EU should drop unanimity rule in foreign policy - Italy PM Draghi
Speaking before European lawmakers in Strasbourg, Italian Prime Minister Mario Draghi called for the EU to give up its unanimity requirement on foreign policy decisions.
Italian Prime Minister Mario Draghi spoke before European lawmakers in Strasbourg on Tuesday and proposed that the European Union abandon the unanimity requirement toward "pragmatic federalism" on resolutions that affect security, economy, and energy for a more effective decision-making mechanism.
Draghi told the European Parliament, "We need to move forward from the principle of unanimity, which leads to a logic of intergovernmental decisions, to decisions taken on the basis of qualified majority."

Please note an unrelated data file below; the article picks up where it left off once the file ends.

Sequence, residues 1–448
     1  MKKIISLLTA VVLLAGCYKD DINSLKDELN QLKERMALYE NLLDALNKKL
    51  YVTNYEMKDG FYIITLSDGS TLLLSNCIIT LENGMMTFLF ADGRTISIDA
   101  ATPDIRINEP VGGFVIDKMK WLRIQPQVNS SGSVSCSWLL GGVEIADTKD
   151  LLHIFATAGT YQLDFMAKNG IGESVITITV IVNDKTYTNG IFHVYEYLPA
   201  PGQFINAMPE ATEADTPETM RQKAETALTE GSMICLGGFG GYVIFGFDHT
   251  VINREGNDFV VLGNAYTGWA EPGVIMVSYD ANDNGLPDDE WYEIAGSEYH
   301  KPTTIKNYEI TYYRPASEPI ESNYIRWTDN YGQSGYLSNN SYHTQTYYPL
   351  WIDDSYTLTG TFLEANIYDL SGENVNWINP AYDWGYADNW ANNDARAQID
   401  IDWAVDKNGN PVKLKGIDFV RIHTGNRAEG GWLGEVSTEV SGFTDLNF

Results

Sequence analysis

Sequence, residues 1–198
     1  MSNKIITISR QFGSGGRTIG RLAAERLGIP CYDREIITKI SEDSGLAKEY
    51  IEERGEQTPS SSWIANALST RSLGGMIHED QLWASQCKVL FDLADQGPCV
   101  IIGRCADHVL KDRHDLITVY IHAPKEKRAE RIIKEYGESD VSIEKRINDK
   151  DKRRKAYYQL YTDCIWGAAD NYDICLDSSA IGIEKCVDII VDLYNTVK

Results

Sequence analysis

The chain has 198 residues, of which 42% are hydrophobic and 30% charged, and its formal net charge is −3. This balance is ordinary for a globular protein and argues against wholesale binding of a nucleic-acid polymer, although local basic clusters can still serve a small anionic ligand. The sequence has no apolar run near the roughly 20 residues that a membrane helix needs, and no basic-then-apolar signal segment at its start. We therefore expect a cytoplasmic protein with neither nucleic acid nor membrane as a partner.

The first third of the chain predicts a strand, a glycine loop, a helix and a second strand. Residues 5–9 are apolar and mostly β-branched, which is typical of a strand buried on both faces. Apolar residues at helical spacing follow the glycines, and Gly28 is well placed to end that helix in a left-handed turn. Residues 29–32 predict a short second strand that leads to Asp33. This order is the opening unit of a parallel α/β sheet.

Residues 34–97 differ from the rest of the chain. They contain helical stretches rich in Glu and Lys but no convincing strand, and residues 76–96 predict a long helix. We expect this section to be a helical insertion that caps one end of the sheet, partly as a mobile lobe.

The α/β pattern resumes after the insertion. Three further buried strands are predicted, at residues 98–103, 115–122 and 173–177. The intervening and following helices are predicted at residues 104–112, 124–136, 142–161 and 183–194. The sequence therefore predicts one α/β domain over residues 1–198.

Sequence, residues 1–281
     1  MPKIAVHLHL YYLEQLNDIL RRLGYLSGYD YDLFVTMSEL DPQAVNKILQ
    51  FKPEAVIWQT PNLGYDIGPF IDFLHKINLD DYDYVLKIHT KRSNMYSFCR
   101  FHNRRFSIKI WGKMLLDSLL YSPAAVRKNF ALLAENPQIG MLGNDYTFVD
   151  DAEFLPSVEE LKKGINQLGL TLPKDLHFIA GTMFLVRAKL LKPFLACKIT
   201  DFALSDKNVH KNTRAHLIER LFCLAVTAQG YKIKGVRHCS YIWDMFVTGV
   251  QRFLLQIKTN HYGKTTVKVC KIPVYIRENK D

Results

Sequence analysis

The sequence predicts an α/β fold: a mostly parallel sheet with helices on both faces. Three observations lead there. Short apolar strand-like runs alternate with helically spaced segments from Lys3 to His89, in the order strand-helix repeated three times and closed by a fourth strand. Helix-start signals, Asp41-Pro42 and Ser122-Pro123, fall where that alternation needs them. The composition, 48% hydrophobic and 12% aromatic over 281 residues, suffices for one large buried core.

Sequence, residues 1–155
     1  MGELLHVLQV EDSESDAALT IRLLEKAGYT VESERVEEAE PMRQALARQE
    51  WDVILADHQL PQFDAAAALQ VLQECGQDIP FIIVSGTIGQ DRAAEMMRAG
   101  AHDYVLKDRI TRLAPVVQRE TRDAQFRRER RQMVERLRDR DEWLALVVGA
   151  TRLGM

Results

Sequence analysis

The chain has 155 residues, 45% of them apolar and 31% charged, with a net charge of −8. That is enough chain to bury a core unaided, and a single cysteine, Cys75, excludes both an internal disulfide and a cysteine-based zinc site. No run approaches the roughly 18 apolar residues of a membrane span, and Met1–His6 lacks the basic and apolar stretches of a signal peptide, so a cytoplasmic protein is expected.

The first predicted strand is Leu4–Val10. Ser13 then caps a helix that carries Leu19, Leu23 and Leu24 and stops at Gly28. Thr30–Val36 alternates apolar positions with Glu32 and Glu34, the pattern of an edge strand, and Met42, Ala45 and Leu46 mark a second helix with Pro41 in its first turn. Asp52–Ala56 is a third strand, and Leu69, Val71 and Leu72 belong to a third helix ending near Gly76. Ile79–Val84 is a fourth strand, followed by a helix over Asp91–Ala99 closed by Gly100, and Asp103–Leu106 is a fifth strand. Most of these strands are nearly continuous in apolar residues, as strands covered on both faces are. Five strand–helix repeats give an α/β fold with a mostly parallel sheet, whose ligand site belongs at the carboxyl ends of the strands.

The EU rules require unanimity on decisions that affect its security, foreign policy, and the accession of member states. Draghi argued that "A Europe which is capable of taking rapid decisions is a Europe that is more credible towards its citizens and to the rest of the world."
"The institutions our predecessor built over decades have served us well but they are inadequate for the situation that arises today. The pandemic and the war mean that Europe institutions have to take on unprecedented levels of responsibility," he explained.
Draghi said the country favors “opening up of accession negotiations with Albania and the Republic of North Macedonia”, which boosts negotiations “with Serbia and Montenegro” and supports "the legitimate expectations of Kosovo, and Bosnia and Herzegovina.”
But relaunching the integration process is not limited to Western Balkans. “We are in favour of all of these countries joining the European Union, and we also want Ukraine as a member,” he stressed.